Ellen Davis is concerned by what she calls a "shallow reading" of Scripture--a reading of what we think we already know instead of an attempt to dig deeper for new insights and revelations. Wondrous Depth is a collection of essays in which Davis argues for a more engaged reading of Scripture that opens the reader up to new knowledge and understanding. Davis also demonstratEllen Davis is concerned by what she calls a "shallow reading" of Scripture--a reading of what we think we already know instead of an attempt to dig deeper for new insights and revelations. Wondrous Depth is a collection of essays in which Davis argues for a more engaged reading of Scripture that opens the reader up to new knowledge and understanding. Davis also demonstrates that preaching and biblical interpretation are essentially related to one another in that it is essential for preachers to engage in thorough reading and interpretation of Scripture from the pulpit and to encourage their congregations to read the Bible with depth and sensitivity as well....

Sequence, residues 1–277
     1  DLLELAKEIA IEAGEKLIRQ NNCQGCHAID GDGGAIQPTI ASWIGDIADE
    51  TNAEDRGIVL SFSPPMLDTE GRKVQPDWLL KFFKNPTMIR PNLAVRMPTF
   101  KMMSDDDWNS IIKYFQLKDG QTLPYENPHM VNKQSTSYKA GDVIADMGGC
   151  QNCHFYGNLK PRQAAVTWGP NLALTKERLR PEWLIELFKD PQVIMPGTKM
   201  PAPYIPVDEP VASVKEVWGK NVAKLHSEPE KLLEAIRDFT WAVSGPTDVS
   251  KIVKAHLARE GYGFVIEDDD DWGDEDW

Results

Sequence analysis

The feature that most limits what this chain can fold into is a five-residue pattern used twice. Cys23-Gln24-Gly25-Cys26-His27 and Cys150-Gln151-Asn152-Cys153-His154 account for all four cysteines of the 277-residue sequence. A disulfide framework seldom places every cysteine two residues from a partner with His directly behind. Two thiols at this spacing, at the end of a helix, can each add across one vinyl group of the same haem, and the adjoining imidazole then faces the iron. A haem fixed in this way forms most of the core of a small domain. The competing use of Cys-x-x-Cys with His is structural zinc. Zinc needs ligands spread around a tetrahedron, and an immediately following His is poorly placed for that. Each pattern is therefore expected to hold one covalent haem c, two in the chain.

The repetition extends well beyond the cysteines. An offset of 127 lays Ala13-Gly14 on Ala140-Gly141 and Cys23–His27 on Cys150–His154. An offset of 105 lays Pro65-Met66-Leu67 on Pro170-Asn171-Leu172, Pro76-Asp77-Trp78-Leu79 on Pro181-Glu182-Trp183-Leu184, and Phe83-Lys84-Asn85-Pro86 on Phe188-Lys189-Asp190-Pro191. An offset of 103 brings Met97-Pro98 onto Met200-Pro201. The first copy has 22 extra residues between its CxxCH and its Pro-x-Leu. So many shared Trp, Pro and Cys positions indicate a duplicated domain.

|Number of Pages||:||184 Pages|
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Wondrous Depth Reviews
Ellen Davis provides a healthy reminder about the importance of preaching the Old Testament. For example, she notes how throughout the centuries the Psalms were commonly preached on. Yet today a sermon on a psalm is rare in many traditions. This book would be improved by including more meat about exactly how to carry out some of her recommendations.
Okay, so I admit that since I am a student of Dr. Davis', my opinion is hardly objective. Nevertheless, this is one of the best books I've read in a long time. This is not a how-to, a you-ought-to, or any other sort of manual for understanding and preaching the Old Testament - it is a glimpse into a perspective that delights in and cherishes the Old Testament as a gift. Davis' four sermons at the end of the book are exquisite pieces of craftsmanship, at once shimmering and piercing in their beauty and depth. This is a book not just for preachers, but for all who care about Christian life and witness.
Davis has many helpful insights into how to talk about or write about scripture. One example: "[A] good question is one that leads you and your hearers more deeply into the story, not away from it into pious abstractions..." (page 8). I was challenged, convicted, and encouraged by the sermons she included as illustrative examples. I am looking forward to reading more of her writing in the future.